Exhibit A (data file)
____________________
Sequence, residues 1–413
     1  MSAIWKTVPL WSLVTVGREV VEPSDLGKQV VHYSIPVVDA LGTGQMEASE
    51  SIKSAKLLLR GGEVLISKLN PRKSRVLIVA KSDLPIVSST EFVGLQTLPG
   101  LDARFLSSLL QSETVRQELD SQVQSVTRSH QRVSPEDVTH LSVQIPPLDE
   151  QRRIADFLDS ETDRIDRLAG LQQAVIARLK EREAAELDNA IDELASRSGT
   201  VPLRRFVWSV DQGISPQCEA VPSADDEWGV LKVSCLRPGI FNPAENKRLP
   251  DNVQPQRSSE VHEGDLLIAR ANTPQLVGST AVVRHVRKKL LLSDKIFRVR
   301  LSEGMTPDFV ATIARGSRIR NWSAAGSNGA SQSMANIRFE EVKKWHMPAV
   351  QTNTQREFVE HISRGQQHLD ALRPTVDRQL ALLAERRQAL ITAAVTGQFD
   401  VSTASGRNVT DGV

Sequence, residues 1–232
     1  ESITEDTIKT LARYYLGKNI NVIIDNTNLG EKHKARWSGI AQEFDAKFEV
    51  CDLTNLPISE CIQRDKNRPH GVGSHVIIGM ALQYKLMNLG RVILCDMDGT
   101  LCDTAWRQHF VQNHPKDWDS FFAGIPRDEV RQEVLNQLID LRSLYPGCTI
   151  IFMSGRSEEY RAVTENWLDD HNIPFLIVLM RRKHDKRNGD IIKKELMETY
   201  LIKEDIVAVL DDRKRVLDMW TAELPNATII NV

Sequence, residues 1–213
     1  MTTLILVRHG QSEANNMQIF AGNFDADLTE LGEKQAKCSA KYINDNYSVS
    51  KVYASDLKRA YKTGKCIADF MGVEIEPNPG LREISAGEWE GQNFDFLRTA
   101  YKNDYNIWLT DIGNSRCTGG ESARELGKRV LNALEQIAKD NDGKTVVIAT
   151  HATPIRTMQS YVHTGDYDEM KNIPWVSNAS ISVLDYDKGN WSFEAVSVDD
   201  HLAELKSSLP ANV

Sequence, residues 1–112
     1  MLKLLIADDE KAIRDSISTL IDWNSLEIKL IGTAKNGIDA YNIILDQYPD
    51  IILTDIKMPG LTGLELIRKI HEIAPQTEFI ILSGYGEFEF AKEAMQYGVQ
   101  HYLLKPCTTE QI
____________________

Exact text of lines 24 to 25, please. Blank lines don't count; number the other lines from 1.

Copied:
     1  MLKLLIADDE KAIRDSISTL IDWNSLEIKL IGTAKNGIDA YNIILDQYPD
    51  IILTDIKMPG LTGLELIRKI HEIAPQTEFI ILSGYGEFEF AKEAMQYGVQ